What’s your ultimate vision with PocketList?
Over a hundred million Americans are renting the place that they’re sleeping tonight. People spend vast amounts of money renting, and yet, renting from a customer experience standpoint is atrocious, opaque, and competitive. It stinks to be a renter. In most major cities, you’re buying a mid-price sedan a year. Imagine buying a new Honda Accord and then throwing it away every year forever. If it was that hard and that unpleasant, Honda would get our business.
We think the system is fundamentally broken. We are building a new platform based on trust, better information, and better communication in the housing rental space. If you’re average at all, you’re going to spend 12 years of your adult life and over $400,000 being a renter. I want to save you the suckage that I’ve gone through.
I’m assuming the key has been unlocking incentives for renters to get information flowing?
You’ve got all these renters in the world, and they’re an expert in the place they live. Think of that as institutional knowledge, but they don’t value it highly because they’re never going to live there again. That information is so valuable to the person who will replace them.
Marketplaces are a chicken and egg problem. We genetically engineer the chicken back into an egg by doing an end-run around landlords to get the data from renters. We’re getting data from the renters better and earlier. The landlord has never lived in the unit that they own or manage. Even if they’re telling the truth, they don’t know how loud it is at night or what the light’s like on a Sunday afternoon in the living room. How could they possibly share that with you?
The renter is also the only person who knows the exact timing of when they’re going to move out. This is a KPI we track internally. The average PocketList renter is sharing information about the place they’re leaving 58 days before giving notice to their landlord. That’s really powerful. That’s a window of exclusivity that we get into that inventory. This is a marketplace efficiency problem, and we think we can make everyone’s life a lot better.
How did you kickstart the marketplace to get it going?
My co-founder and I have built a couple of startups before. You learn quickly that your ideas are probably bad, and that’s okay. Bad ideas often get upgraded to good ideas when they meet reality. We had this idea, what if we went straight to the renters for information? So, we set up a webpage and hooked up to a Google sheet in one afternoon.
Because we built failed things in the past, we established a reputation as people who cared deeply about this space and wanted to help. We sent an email to our mailing list of all the renters we’d ever interacted with, maybe 800 people or so. We asked for a ton of info. There was quantitative stuff like address, rent, and bedrooms. We also asked you weird qualitative things like what are the neighbors, parking, noise, and light like? The last question is, and this is the big twist, tell us when you plan on moving, and it doesn’t have to be soon. Then Julian and I will manually introduce you to someone whose timing, geography, and budget match yours.
The reaction overwhelmed us, quite frankly. There were people that we had no idea how they were hearing about us. People were not only filling it out, but they were also forwarding it to their friends. People were posting it on secret Facebook groups for people looking for housing. We did what we said we’d do, we started matching people.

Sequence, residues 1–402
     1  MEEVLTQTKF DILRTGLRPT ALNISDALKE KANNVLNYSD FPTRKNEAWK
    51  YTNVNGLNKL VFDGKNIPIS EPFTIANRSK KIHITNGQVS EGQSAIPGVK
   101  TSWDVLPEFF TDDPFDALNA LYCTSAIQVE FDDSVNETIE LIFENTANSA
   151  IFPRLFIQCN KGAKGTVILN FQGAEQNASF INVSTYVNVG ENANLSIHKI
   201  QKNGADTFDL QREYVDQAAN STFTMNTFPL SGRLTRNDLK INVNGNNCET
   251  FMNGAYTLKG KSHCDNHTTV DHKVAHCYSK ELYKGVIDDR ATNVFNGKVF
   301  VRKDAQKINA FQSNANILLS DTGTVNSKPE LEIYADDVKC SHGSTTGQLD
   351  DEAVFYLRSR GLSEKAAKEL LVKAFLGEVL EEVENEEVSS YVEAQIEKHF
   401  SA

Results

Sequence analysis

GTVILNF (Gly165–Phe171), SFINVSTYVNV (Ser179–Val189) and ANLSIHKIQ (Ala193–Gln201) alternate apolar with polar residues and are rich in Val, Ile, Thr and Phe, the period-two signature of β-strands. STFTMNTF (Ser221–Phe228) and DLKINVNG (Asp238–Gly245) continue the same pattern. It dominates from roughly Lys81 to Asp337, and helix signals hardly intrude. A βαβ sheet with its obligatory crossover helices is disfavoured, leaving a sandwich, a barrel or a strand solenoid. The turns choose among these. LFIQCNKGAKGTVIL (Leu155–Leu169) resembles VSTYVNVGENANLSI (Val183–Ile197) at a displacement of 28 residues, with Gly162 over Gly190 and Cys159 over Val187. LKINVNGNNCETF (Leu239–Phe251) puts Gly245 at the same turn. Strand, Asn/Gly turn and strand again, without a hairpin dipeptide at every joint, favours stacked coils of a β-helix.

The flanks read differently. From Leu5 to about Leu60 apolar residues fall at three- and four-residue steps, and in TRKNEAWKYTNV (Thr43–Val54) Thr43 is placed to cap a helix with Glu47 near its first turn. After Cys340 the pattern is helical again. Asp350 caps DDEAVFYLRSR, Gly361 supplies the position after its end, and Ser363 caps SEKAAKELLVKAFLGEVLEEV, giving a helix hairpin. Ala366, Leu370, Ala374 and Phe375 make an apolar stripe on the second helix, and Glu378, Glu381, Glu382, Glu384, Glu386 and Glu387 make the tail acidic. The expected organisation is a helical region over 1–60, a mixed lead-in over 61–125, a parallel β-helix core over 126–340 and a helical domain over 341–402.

I buy into this idea that almost all software products can be achieved with a spreadsheet and an email address. It’s way faster and way cheaper to use a spreadsheet and an email and see if anyone uses it.
I love it. Your story reminds me of that saying that an entrepreneur’s chance to succeed in one company is pretty low, but with a good one over a decade, the chances of success are pretty high.
I take it as a badge of courage that in the 18 months before kicking off PocketList, I pitched to 86 VCs and got 86 straight “no"s for another product in this space. It was a very educational experience.
With PocketLists, we weren’t even raising, and we raised a pre-seed round over a three-day weekend with no decks. I think it just goes to show you, one, keep swinging, and eventually you’ll hit something. Two, there is substantial non-obvious and indirect power of building your network out. Even if you get a bunch of “no”s, you get people who know what you work on and will vouch for you.
What would you say is the biggest risk you’ve taken in building PocketList?
Starting a company, in general, is risky financially. I cringe to think about how much money I would have made if I worked as a senior director of product design or something. But that’s really fricking boring, and that will always be there.
On top of that, I started talking with my wife about starting a company when we had our first kid. My logic was it’s only going to get harder from here, right? There is a cost to delaying this, so let’s just dive in and do it. Then COVID, a financial crisis, and political unrest hit, that is also very hard.
I don’t have any answers as to what the right way to do anything is. I know that people matter, honesty matters, kindness matters, and hard work matters. If you add all those things together, you don’t necessarily get success. However, the only reason I’m still standing is because of those things, there’s no secret. You don’t learn that when you get an MBA, you learn that when you’re four years old.
If you have more questions for Nick, reply to this email with them and we will pass them along!